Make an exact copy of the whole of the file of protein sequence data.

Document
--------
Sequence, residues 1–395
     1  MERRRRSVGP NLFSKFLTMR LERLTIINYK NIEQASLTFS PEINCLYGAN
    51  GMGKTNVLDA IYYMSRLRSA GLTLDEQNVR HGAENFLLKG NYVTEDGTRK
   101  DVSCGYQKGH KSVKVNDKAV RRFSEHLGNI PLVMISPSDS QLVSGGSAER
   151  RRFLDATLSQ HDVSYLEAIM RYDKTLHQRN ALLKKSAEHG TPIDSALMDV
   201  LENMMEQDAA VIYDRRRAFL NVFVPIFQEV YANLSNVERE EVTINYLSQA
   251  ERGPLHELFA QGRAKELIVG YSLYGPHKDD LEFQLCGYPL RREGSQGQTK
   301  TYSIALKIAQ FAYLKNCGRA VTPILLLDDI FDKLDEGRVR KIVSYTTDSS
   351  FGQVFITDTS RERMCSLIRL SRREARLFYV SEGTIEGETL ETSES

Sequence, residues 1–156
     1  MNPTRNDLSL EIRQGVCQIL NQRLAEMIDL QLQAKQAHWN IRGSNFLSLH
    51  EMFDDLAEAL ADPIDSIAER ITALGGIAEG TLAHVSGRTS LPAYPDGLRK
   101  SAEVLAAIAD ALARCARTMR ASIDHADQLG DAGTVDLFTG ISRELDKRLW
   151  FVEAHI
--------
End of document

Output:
Sequence, residues 1–395
     1  MERRRRSVGP NLFSKFLTMR LERLTIINYK NIEQASLTFS PEINCLYGAN
    51  GMGKTNVLDA IYYMSRLRSA GLTLDEQNVR HGAENFLLKG NYVTEDGTRK
   101  DVSCGYQKGH KSVKVNDKAV RRFSEHLGNI PLVMISPSDS QLVSGGSAER
   151  RRFLDATLSQ HDVSYLEAIM RYDKTLHQRN ALLKKSAEHG TPIDSALMDV
   201  LENMMEQDAA VIYDRRRAFL NVFVPIFQEV YANLSNVERE EVTINYLSQA
   251  ERGPLHELFA QGRAKELIVG YSLYGPHKDD LEFQLCGYPL RREGSQGQTK
   301  TYSIALKIAQ FAYLKNCGRA VTPILLLDDI FDKLDEGRVR KIVSYTTDSS
   351  FGQVFITDTS RERMCSLIRL SRREARLFYV SEGTIEGETL ETSES

Sequence, residues 1–156
     1  MNPTRNDLSL EIRQGVCQIL NQRLAEMIDL QLQAKQAHWN IRGSNFLSLH
    51  EMFDDLAEAL ADPIDSIAER ITALGGIAEG TLAHVSGRTS LPAYPDGLRK
   101  SAEVLAAIAD ALARCARTMR ASIDHADQLG DAGTVDLFTG ISRELDKRLW
   151  FVEAHI